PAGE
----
Speculation mounts that GOP senator may switch parties
WASHINGTON (AP) – President Bush and Vice President Dick Cheney worked urgently Tuesday to prevent veteran Sen. Jim Jeffords from leaving the Republican party and delivering control of the Senate to the Democrats. ”I’m considering a lot of things,” said the Vermont lawmaker.
”I will be making an announcement tomorrow in Washington,” said the 67-year-old senator, fueling speculation he might become an independent or a Democrat.
Jeffords, a committee chairman who frequently crosses party lines on high-profile issues, has had strained relations with the White House. Officials said he met during the day first with Cheney and later with Bush at the White House.
Senior Republican officials said on condition of anonymity that the president urged Jeffords to remain a Republican, but the senator refused to commit either way.
Senior White House officials met Tuesday evening to discuss strategy for keeping Jeffords in the GOP fold and for how to handle the political fallout if he does leave the party.
A switch – whether to the Democrats or to become an independent – could have profound implications for the Senate, currently divided 50-50 along party lines, as well as for Bush’s legislative agenda. The party with a majority controls the flow of legislation in committees and on the Senate floor, and holds all the committee chairmanships.
Ironically, Vermont’s lone House member, Rep. Bernie Sanders, is an independent who votes with Democrats for organizational purposes.
”I very much want him to stay. I expect that he will,” said Senate GOP Whip Don Nickles. ”He’s a very, very valuable member of our caucus. I hope and expect he will stay in our caucus.”
One congressional Republican who has talked to Jeffords in recent days said the Vermont lawmaker was pondering the declining numbers and influence of moderate Republicans in recent years. ”That’s what’s on his mind right now,” said the Republican, who spoke on condition of anonymity.
Jeffords appears to have enormous influence in the current Senate, divided 50-50 along party lines. In addition to his chairmanship of the committee with jurisdiction over health and education legislation, he holds a seat on the Finance Committee, with its sway over tax and trade policy. As a Republican who sometimes votes with Democrats, he also is in a position to exert leverage on the White House and GOP leadership.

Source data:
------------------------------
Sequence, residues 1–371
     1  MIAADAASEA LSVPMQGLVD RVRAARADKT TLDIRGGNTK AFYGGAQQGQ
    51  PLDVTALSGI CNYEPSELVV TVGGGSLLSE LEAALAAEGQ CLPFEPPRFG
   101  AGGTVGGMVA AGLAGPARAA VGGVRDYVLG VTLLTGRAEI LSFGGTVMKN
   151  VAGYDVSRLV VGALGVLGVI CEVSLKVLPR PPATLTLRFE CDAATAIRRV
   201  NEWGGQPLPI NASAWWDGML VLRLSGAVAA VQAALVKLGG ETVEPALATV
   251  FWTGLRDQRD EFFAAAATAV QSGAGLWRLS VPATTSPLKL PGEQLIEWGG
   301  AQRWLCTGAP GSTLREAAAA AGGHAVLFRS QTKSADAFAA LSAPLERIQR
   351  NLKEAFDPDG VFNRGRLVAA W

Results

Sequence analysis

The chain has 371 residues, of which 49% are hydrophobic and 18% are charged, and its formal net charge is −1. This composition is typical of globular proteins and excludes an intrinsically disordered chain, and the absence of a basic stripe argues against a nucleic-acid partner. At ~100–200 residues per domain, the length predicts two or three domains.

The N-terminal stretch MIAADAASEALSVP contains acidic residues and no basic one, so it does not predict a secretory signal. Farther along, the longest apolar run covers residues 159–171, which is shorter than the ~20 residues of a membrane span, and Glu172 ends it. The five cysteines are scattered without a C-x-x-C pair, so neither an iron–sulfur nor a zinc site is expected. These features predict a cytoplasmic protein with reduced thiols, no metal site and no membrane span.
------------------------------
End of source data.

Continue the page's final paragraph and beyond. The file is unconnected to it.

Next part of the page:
One option open to Jeffords is to become an independent, although he has given no public indication he is considering that beyond his statement that he was ”considering a lot of things.”
Democratic sources, speaking on condition of anonymity, said there had been discussions with Jeffords in recent weeks, including the possibility that he would receive a committee chairmanship, possibly the one he currently holds.
Asked about his plans, Jeffords said, ”Lots of people are trying to get me to do different things.”
Pressed as he got onto an elevator on whether he would switch, Jeffords smiled as the doors closed and said, ”Bye.”
It was unclear whether Jeffords intended to bolt from the party that has been his home for nearly a quarter-century in Congress, or was publicly venting his irritation with his treatment at the hands of the White House and GOP majority in the Senate.
Jeffords angered the White House this spring when he refused to support Bush’s budget with its $1.6 trillion, 10-year tax cut. Instead, he sided with a bipartisan group of lawmakers who forced changes on the Senate floor. The result was the first high-profile defeat for the new administration.
Shortly after that, Jeffords was not invited to the White House for a National Teacher of the Year award ceremony honoring a Vermont high school educator, a move widely viewed as political payback.
In addition, some GOP aides have whispered that the White House might retaliate by seeking changes in a dairy support system that benefits farmers in Vermont and the Northeast.
Bush did not contact Jeffords personally during the budget debate, leaving it to Cheney and administration staff officials to try to swing a deal for the senator’s support.
Former Sen. Robert Stafford, R-Vt., whom Jeffords replaced in the Senate in 1989, said Tuesday his successor called him this week to seek his advice.
”I think he is very seriously considering what would be the wisest thing for him and for Vermont,” said Stafford. ”I have no idea from that conversation what he intends to do.”
Associated Press writer Christopher Graff in Montpelier, Vt., contributed to this report.
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